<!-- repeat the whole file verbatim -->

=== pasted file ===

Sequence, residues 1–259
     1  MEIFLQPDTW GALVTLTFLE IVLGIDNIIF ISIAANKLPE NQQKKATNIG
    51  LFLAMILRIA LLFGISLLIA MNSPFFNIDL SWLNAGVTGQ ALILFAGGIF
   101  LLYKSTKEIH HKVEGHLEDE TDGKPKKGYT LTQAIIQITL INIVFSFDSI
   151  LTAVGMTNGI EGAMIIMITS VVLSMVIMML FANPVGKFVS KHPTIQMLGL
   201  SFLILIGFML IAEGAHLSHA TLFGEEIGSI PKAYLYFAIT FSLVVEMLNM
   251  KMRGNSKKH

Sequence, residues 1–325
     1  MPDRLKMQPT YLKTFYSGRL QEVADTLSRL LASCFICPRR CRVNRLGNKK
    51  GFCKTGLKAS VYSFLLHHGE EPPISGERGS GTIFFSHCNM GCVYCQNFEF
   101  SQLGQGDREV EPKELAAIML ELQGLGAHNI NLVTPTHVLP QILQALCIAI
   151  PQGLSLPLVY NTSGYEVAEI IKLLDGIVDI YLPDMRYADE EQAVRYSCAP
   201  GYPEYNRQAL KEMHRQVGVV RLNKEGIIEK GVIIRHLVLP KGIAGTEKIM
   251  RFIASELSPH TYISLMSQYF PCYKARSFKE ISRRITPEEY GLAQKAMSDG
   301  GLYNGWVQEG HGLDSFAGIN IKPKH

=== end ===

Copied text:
Sequence, residues 1–259
     1  MEIFLQPDTW GALVTLTFLE IVLGIDNIIF ISIAANKLPE NQQKKATNIG
    51  LFLAMILRIA LLFGISLLIA MNSPFFNIDL SWLNAGVTGQ ALILFAGGIF
   101  LLYKSTKEIH HKVEGHLEDE TDGKPKKGYT LTQAIIQITL INIVFSFDSI
   151  LTAVGMTNGI EGAMIIMITS VVLSMVIMML FANPVGKFVS KHPTIQMLGL
   201  SFLILIGFML IAEGAHLSHA TLFGEEIGSI PKAYLYFAIT FSLVVEMLNM
   251  KMRGNSKKH

Sequence, residues 1–325
     1  MPDRLKMQPT YLKTFYSGRL QEVADTLSRL LASCFICPRR CRVNRLGNKK
    51  GFCKTGLKAS VYSFLLHHGE EPPISGERGS GTIFFSHCNM GCVYCQNFEF
   101  SQLGQGDREV EPKELAAIML ELQGLGAHNI NLVTPTHVLP QILQALCIAI
   151  PQGLSLPLVY NTSGYEVAEI IKLLDGIVDI YLPDMRYADE EQAVRYSCAP
   201  GYPEYNRQAL KEMHRQVGVV RLNKEGIIEK GVIIRHLVLP KGIAGTEKIM
   251  RFIASELSPH TYISLMSQYF PCYKARSFKE ISRRITPEEY GLAQKAMSDG
   301  GLYNGWVQEG HGLDSFAGIN IKPKH